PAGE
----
Comments from all over (Virtual Kindle Style)

When the blog was the only out­let for typed thoughts and shared com­ments, every­thing got posted here (or, tech­ni­call, over at LiveJournal, as that was my blog long, long before I moved it here.) Now that we have Twitter and Facebook and what­not, those thoughts get scat­tered through­out the inter­nets. In an effort to graft some of them back to net­ninja, I will attempt to sum­ma­rize and/or expand upon some inter­est­ing recent tweets, com­ments on oth­ers’ blogs, and what­not.


I recently ordered a Kindle DX from Amazon. That and the fancy new iPhone 3GS were at the top of my gad­get wish list, but with AT&T’s “you pay an extra $200 because you are an early adopter” tax, I fig­ure my exist­ing iPhone 3G is fine for the 6 months it takes for that tax to become zero. In fact, 6 months after that, the new-new iPhone is likely to be released. If I am forc­ing myself to wait 6 months, I may as well wait another to get the good stuff.

So any­way, back to the Kindle. I have a grow­ing col­lec­tion of PDF books, mainly due to O’Reilly’s Rough Cuts series of tech­ni­cal books. And since the entirety of out­put on Mac OS X is PDF under the hood, it is an even more com­pelling file for­mat. At work, I have chip datasheets to read and end user doc­u­men­ta­tion to edit and approve, all in PDF for­mat. A few of the datasheets are pass­word pro­tected, which the Kindle does not do, but Elcomsoft makes a handy lit­tle app to deal with that.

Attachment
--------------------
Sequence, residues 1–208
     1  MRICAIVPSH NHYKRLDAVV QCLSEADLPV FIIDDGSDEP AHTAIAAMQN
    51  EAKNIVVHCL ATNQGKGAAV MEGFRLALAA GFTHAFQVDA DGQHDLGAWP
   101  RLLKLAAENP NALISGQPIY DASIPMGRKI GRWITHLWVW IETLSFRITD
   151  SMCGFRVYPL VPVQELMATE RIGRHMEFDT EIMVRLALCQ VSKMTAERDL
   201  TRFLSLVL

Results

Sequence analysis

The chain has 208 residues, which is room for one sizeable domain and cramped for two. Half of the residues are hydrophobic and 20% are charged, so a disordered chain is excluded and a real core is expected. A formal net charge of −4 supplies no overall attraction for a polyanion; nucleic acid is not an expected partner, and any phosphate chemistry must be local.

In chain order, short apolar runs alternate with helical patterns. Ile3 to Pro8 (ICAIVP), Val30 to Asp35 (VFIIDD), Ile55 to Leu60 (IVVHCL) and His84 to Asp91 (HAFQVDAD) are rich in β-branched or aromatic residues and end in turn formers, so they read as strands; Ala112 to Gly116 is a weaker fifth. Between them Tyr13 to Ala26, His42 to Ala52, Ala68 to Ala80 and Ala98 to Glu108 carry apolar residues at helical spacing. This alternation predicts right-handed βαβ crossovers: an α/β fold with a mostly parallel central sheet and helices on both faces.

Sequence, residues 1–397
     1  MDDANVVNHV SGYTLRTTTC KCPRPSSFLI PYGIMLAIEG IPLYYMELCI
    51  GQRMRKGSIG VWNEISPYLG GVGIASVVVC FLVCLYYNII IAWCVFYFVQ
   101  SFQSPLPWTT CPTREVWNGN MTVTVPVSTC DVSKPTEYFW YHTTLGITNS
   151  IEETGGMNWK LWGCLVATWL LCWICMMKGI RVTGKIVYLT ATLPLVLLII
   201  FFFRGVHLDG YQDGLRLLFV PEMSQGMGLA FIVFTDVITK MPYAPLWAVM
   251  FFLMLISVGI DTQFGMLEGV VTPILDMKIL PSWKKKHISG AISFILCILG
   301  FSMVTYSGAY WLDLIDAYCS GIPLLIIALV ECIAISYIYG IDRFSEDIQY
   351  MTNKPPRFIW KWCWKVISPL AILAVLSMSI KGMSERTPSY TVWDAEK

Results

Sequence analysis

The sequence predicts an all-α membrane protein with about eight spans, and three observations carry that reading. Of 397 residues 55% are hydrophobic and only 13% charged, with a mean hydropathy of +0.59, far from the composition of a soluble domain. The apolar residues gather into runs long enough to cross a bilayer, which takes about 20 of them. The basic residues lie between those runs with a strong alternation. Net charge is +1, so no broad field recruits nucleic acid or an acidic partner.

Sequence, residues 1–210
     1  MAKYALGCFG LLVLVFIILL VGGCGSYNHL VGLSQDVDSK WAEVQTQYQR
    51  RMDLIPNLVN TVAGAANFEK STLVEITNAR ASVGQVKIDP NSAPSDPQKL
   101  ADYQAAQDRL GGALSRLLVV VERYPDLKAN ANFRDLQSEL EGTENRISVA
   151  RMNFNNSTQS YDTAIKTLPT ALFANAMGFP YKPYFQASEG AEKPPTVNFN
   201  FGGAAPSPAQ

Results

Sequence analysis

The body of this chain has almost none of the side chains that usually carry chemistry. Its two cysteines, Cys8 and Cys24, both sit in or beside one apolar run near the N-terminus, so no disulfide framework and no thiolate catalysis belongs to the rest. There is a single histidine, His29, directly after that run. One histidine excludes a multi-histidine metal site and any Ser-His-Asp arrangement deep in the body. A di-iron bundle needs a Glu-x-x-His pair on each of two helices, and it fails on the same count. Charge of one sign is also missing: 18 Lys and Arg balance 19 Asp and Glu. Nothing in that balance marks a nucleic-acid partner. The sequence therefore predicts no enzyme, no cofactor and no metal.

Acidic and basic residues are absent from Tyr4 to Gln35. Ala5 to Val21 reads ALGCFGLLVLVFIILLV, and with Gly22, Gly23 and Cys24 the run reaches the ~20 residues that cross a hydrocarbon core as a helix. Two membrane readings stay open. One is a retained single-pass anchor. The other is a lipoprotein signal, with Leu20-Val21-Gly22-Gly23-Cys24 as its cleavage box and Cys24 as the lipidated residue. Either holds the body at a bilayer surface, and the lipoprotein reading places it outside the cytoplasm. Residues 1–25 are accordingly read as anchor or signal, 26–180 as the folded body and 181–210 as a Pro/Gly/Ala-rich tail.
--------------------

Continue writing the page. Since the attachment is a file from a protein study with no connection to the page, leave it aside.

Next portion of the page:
The whole thing is a lit­tle weird. A year ago, even six months ago, I was very much against the Kindle. I am still a lit­tle on the fence regard­ing DRM and the inabil­ity to lend books to friends, but the PDF sup­port of the DX has tem­pered that a lot. It does read other ebook for­mats, unen­cum­bered by dig­i­tal restric­tions, and there are a num­ber of other stores (obvi­ously, not as inte­grated into the Kindle’s sys­tem to instantly buy and down­load books) with­out DRM. But over­all, it is the size and con­ve­nience that won me over. For exam­ple, I would read much more P.G. Wodehouse if I did not have to carry around the 700 page tome I have (cast­ing aside the awk­ward real­ity that it is not one of the titles cur­rently offered in Kindle for­mat yet.)